The artistic expression of working with melted wax on dyes is similar to that of painting with watercolor, oils or acrylics and the designs can be as complicated or simple as the artist's desire.
Since batik is a method of painting "negative space", the artist has to envision the complete design in-between shapes and figures when deciding where to apply the next color and the next application of wax.
Wax is painted on to the fabric and the color is filled into the fabric between the wax. The most popular ways of applying wax are either by painting it on with a brush or by pouring the liquid wax on the cloth. With a series of dyeing, drying and waxing steps the individual colors of the batik are applied.
After the last dyeing, the fabric is hung up to dry. Then it is ironed between paper towels or newspaper to absorb the wax and reveal the vibrant colors and fine crinkle lines that give the batik its character.
African batiks are unique pieces of art handcrafted by talented artisans. If you like to decorate with textiles or showing off your love for unique fabrics, then African batiks are definitely for you.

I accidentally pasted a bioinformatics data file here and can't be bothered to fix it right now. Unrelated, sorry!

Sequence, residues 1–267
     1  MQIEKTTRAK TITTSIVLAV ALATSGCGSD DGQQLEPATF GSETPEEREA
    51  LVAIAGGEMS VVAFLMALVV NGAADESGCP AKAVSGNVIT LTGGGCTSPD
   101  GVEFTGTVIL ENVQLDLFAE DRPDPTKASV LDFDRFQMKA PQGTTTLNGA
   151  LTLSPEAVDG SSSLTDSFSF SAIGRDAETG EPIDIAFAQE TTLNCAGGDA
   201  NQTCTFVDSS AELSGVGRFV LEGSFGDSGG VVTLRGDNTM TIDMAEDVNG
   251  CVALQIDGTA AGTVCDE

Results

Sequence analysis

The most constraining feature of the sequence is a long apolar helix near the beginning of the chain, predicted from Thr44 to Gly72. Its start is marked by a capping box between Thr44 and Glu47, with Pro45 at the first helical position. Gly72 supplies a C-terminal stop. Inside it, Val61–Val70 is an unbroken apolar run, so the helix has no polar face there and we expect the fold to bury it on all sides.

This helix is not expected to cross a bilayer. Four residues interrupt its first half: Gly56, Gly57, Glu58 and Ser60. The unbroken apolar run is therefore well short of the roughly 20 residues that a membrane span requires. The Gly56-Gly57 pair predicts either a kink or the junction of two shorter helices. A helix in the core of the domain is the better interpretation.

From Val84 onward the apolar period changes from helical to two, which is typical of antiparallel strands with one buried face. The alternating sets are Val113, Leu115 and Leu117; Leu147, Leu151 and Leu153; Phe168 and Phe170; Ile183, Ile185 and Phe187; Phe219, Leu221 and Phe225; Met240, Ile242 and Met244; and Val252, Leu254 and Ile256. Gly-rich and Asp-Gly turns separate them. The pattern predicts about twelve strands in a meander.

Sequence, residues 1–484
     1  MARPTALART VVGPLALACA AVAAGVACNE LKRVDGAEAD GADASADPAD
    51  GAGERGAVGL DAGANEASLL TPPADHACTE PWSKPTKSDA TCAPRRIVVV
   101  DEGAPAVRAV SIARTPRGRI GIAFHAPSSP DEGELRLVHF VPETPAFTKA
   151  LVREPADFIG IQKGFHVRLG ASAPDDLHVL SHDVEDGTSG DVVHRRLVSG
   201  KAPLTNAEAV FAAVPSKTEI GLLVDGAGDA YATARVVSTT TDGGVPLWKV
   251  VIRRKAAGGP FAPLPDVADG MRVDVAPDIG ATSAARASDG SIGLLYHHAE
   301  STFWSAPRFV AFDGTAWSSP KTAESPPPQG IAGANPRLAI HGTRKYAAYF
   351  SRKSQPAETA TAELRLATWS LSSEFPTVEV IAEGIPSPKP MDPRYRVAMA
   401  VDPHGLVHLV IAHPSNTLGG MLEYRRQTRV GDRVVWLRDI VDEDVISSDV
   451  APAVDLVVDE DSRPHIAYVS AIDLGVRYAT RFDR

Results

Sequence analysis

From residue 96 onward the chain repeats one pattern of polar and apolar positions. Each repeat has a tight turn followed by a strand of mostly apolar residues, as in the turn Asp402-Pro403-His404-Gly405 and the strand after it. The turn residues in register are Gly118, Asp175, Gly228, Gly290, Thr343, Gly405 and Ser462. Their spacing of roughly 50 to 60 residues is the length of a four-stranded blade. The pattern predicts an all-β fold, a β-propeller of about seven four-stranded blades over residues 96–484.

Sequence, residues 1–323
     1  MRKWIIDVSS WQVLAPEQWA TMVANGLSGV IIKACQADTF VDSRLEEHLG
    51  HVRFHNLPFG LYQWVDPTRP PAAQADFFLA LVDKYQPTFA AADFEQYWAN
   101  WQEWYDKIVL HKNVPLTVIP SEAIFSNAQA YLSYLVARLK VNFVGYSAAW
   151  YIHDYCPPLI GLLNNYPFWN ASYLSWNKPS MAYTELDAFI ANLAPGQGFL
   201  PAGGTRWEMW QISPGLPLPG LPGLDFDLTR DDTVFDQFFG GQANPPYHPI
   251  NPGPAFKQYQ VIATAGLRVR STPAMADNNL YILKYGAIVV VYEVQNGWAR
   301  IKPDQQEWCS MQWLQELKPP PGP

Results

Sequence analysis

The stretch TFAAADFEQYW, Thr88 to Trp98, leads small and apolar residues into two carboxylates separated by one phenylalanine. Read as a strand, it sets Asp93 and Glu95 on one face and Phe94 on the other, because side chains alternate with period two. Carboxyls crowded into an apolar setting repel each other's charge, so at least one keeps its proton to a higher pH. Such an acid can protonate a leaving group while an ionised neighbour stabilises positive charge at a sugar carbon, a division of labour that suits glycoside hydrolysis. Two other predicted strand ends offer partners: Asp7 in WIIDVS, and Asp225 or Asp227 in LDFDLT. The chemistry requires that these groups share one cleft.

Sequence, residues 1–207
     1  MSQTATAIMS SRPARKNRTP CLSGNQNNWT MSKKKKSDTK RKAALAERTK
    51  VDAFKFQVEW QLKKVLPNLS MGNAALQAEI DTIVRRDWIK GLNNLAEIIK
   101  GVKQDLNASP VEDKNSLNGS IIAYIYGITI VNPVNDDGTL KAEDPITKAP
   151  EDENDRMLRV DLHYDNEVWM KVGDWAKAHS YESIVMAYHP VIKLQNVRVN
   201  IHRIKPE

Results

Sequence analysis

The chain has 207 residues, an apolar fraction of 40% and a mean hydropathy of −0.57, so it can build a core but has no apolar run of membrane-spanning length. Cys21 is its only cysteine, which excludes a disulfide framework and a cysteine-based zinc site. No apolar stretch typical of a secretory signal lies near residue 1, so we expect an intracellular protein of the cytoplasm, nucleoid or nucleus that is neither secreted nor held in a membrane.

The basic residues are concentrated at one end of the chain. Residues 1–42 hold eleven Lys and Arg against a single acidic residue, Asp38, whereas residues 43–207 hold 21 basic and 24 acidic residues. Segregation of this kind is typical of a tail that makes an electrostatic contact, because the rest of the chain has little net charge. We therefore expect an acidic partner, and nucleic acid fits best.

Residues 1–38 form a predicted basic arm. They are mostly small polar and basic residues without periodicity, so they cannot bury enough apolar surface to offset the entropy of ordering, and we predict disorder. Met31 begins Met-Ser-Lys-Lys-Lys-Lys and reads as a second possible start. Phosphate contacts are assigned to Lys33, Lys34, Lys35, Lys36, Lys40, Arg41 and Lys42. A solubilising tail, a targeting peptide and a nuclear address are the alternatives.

From home decor to quilting and other crafts, batiks will enhance any project with true African flair. Frame a batik, transform a batik into a wall hanging by simply stretching it with bamboo poles, make a pillow case out of batiks, decorate a handbag, make a lamp shade or incorporate a batik into your quilting project.
Let the batik speak for itself and let the beauty be in the eye of the beholder.
Article and image courtesy of World Travel Art - Great selection of African batiks from Mozambique and Tanzania.